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Nihon Jibiinkoka Gakkai Kaiho. 1997 May;100(5):499-511.

[Age-related development of the arrangement of connective tissue fibers in the lamina propria of the human vocal folds--scanning electron microscopic examination with digestion method].

[Article in Japanese]

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  • 1Department of Otorhinolaryngology, Yokohama City University, School of Medicine.

Abstract

The lamina propria of the human vocal fold consists of a superficial, intermediate, and deep layer. This stratified structure is thought to facilitate phonation. Each layer has different physical properties based on different alignment and distribution of collagen and elastic fibers. In the present study, developmental changes in vocal fold structure were studied in human fetuses, infants, and children, with special reference to the pattern of distribution of collagen and elastic fibers. Vocal fold specimens were obtained at autopsy from 5 fetuses, 7 neonates, 3 infants, 3 children at the age of 1 year, 3 children at 3 years, 3 children at 5 years, 3 children at 12 years, and 5 subjects at ages ranging from 15 to 22 years. Prior to the examination of collagen fibers, elastic fibers and cells were dissolved with 10% sodium hydroxide treatment. Prior to the examination of elastic fibers, collagen fibers and cells were dissolved by treatment with 90% formic acid. The specimens were then dehydrated, dried, ion-coated with platinum, and examined with a scanning electron microscope. In fetuses and infants, thin, coiled fibers were found distributed densely in the anterior, posterior, and deep parts of the lamina propria, while irregular thick fibers were sparsely seen in the superficial layer of the vocal fold. In children aged 1 to 3 years, the dense fibers in the deep part decreased, and the longitudinal fibers in the superficial layer increased. In children at 5 years of age, longitudinal collagen and elastic fibers were noted in all of the layers of the vocal fold. The distribution of fibers was uniform irrespective of the depth. At 12 years of age, thin, coiled fibers were noted in the superficial layer, while thin, irregular fibers were found in the deep layer. At 17 years, differentiation of the superficial and deep layers was more evident. In male subjects after adolescence the curvature of curly collagen fibers decreased, and the diameter of fibers increased. The present findings suggest that the development of the vocal fold in childhood occurs in two steps. In the first step, dense fibers in the anterior, posterior, and deep parts of the lamina propria found in fetuses and infants shift to the anterior and posterior ends of the vocal fold, between which longitudinal fibers appear. During this step only simple phonation is possible. In the second step, differentiation of the superficial and deep layers occurs, and the stratified structure of the vocal fold appears in the teens. This step is probably related to the complicated modality of phonation in this age group. In males, the development of the vocal fold is completed after changes in collagen fibers during the mutation.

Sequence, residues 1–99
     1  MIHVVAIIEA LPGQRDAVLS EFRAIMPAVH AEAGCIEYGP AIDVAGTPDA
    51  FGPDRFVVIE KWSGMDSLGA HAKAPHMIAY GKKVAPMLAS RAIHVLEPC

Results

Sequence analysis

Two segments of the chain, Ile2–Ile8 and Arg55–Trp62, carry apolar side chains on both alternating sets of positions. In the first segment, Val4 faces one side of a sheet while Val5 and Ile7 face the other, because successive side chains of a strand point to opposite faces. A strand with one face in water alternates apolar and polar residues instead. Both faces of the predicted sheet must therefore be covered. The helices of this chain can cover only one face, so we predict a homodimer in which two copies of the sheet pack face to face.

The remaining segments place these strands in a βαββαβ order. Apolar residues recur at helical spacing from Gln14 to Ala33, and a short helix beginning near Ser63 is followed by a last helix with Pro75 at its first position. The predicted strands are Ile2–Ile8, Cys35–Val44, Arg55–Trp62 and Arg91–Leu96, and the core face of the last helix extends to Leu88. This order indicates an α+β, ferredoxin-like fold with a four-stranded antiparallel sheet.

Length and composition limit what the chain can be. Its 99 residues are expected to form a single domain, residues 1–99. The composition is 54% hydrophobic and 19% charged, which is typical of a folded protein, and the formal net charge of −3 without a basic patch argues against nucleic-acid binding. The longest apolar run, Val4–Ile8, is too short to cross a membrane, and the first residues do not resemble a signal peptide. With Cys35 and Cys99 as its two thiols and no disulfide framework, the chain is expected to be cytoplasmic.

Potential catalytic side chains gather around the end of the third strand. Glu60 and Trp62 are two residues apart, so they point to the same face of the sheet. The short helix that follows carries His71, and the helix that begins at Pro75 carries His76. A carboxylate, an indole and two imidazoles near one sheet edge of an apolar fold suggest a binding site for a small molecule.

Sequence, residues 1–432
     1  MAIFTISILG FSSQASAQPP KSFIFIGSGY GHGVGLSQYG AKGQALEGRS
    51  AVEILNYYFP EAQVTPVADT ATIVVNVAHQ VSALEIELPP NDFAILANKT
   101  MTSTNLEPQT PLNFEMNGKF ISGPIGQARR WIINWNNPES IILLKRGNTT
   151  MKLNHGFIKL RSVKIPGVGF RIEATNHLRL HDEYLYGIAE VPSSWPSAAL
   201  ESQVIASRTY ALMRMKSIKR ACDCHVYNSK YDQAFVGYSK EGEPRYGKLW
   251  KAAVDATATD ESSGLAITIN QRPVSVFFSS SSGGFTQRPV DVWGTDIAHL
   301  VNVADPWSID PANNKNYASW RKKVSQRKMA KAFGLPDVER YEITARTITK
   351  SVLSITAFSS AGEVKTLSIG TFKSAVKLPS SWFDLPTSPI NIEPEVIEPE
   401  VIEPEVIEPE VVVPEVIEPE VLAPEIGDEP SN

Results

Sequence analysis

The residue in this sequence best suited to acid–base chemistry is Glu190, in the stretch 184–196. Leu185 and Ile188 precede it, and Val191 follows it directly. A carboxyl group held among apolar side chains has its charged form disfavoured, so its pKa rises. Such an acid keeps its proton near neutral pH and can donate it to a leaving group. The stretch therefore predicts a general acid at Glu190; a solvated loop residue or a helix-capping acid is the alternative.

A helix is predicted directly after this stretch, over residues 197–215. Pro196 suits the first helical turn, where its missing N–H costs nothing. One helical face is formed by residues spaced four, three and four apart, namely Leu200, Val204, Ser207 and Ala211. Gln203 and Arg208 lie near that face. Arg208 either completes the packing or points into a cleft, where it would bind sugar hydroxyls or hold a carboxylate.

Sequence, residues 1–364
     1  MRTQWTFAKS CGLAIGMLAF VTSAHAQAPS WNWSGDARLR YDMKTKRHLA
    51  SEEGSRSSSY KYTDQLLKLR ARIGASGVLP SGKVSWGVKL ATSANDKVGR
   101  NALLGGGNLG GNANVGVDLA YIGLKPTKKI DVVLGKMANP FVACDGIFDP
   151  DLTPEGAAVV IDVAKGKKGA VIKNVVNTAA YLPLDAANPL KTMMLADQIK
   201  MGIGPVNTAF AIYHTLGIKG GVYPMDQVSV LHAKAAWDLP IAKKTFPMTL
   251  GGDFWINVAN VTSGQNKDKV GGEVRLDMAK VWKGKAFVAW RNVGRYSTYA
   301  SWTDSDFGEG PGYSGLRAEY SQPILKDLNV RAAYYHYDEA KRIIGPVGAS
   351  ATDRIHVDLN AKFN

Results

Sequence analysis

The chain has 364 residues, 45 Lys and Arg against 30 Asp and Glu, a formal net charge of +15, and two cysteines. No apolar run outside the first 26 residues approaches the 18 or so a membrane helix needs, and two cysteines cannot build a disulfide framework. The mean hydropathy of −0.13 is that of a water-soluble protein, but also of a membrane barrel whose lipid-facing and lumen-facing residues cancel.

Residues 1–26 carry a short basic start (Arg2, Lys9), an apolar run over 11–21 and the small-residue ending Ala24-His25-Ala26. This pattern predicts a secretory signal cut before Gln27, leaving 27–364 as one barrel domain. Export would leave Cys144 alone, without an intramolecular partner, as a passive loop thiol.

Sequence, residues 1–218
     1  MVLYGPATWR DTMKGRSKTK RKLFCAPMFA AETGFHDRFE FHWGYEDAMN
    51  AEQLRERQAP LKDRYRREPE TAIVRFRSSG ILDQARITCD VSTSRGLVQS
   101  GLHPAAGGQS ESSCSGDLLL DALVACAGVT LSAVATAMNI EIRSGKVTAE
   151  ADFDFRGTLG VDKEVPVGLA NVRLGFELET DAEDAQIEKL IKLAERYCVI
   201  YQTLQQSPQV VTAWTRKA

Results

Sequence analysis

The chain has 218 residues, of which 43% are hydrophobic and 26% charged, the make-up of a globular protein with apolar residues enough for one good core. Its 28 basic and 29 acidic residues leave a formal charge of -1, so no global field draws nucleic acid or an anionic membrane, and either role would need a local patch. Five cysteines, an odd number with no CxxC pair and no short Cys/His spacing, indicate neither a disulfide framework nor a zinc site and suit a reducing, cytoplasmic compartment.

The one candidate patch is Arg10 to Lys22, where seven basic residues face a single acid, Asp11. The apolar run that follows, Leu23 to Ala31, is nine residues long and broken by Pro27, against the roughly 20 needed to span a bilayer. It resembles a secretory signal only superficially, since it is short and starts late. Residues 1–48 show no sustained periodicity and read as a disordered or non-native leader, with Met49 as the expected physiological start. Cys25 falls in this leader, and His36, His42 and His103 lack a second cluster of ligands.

PMID:
9184028
[PubMed - indexed for MEDLINE]
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